Some members of Special Mums Group in a pose with the Member of parliament for the area, Zanetor Rawlings
organizations about cerebral palsy and use it as an opportunity to sell autographed copies.

Rev. Emmanuel Adjetey- Quaye, Youth Coordinator of the Ga Presbytery of the Presbyterian Church who launched the book, said “The Unexpected” is a must-read not only for parents of special needs children but for everybody.

“I have read the book over and over again and each time I read I get inspired,” he said.

The Unexpected is a 33page book with eight chapters that will serve as an inspiration to every human being on this planet earth.

The first copy of the book was bought at 500 cedis by Mr. John Majiti, Member of Parliament for Krachi Nchumuru. Ms Zanetor Rawlings, Member of Parliament for Osu Klottey also bought a copy for 500 cedis. The retail price of the book is 20 cedis

Ghana joined the rest of the world to celebrate World Cerebral Palsy day on 6th October. The day was characterized with activities including the book launch, a forum, and series of media interviews.

For the first time in the history of Ghana various organizations including the Special Mothers Project, Presbyterian Inclusive Child Development Programme, SWEB Foundation, CP Awareness, Ghana, Sharecare,Ghana, Multikids Foundation and individuals with  a passion for disability issues came under one umbrella “Cerebral Palsy Network, Ghana” to celebrate the day.

World cerebral palsy day is celebrated on the 6th October, every year to celebrate the lives of persons living with cerebral palsy and their care givers.

This year’s celebration was on the theme:  “Inclusion Now – We Move together.”

Monday, October 2, 2017

Ghana celebrates World Cerebral Palsy Day on October 6

Ghana will join the rest of the world to celebrate World Cerebral Palsy day on the 6th of October this year.

This year’s celebration is being coordinated by a group of nongovernmental organizations who have come together to form the Cerebral Palsy network, a network that will champion cerebral palsy issues in Ghana.

The organizations involved are the Special Mothers Project, an advocacy and awareness creation programme on cerebral Palsy, SWEB Foundation, an NGO working with persons with disabilities, Sharecare Ghana, an association for people with autoimmune diseases, Multikids Foundation, an NGO championing inclusion, CP Awareness Ghana, The Presbyterian Health Services – Inclusive Child Development programme and some individuals committed to the cause of persons with disabilities in Ghana.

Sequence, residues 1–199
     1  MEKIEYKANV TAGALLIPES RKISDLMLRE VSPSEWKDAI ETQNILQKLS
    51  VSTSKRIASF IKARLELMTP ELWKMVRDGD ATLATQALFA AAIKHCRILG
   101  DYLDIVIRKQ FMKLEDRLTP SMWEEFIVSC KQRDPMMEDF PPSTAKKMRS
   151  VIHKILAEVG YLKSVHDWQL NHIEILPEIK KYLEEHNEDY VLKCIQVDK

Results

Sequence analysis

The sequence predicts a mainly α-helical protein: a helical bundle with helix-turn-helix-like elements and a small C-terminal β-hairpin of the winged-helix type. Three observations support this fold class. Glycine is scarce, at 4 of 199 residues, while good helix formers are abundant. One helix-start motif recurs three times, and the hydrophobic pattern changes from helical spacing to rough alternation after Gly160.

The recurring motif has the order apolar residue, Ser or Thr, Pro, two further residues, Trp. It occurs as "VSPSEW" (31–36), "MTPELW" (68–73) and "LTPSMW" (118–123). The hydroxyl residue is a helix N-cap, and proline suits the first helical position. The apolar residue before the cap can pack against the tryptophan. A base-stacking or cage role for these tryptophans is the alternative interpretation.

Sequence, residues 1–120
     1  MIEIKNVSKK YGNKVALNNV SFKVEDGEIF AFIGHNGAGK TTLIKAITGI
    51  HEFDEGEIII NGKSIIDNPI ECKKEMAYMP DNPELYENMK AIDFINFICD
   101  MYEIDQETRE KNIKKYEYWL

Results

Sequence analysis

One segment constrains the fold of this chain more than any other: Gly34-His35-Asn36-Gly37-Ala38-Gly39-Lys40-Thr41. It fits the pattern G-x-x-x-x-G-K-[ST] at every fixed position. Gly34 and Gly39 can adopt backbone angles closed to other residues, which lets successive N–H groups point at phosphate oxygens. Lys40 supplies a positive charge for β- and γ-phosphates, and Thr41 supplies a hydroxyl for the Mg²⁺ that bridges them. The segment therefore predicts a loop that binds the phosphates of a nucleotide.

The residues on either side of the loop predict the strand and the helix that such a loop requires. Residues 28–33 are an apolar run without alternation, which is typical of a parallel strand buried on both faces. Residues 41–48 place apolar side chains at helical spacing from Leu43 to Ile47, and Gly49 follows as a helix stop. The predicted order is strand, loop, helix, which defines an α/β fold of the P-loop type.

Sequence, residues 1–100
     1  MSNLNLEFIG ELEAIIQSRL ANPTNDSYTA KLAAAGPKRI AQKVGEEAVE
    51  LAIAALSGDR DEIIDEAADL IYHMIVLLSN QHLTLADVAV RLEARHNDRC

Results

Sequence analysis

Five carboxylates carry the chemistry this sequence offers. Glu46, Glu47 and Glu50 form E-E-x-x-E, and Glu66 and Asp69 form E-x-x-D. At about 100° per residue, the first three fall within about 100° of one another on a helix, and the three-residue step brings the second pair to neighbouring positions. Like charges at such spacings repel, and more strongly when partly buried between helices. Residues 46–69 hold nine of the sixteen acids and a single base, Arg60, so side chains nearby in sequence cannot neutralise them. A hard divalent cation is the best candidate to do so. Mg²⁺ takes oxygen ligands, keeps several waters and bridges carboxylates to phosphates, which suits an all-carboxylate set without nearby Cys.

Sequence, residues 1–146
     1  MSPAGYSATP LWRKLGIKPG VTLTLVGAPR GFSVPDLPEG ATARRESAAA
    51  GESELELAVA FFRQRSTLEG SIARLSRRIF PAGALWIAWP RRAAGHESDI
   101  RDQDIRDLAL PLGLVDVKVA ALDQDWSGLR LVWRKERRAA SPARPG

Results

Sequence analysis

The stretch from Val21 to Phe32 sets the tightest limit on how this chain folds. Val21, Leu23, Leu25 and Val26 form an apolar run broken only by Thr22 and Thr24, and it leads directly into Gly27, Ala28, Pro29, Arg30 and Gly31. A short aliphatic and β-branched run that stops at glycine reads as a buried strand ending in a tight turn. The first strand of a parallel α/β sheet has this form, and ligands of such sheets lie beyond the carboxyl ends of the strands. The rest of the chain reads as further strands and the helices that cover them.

World Cerebral Palsy Day is a movement of people with cerebral palsy (CP) and their families, and the organisations that support them, in more than 60 countries.

Its vision is to ensure that children and adults with CP have the same rights, access and opportunities as anyone else in our society.

Robyn Cummins World CP Day Manager explains: “Cerebral palsy is the most common physical disability in childhood and is also one of the least understood. There are over 17 million people living with CP and 350 million family, friends and supporters who care about them.”

World Cerebral Palsy Day is celebrated on the 6th of October every year.

In Ghana the day will be commemorated with a public forum to talk about cerebral palsy and the need for policies that enhance the lives of persons living with cerebral palsy.

The celebration is on the theme: “We Move together: Inclusion Now”

Government officials, members of parliament, policy makers and other dignitaries will be present to have firsthand information and interaction with children and adults living with cerebral palsy.

An inspirational book titled “The Unexpected “that chronicles  a mother’s journey of a child with cerebral palsy and how she has risen above that to inspire others will also be launched.

Earlier in the day, flyers with information on cerebral palsy will be distributed to commuters using the main Okponglo road in Accra.

Ms. Jedidiah Abanga, Coordinator of the Inclusive Child Development Programme of the Presbyterian Health Services said the CP Network in Ghana has designated October as the Cerebral Palsy awareness month and urged members of the network to share related information on social media throughout the month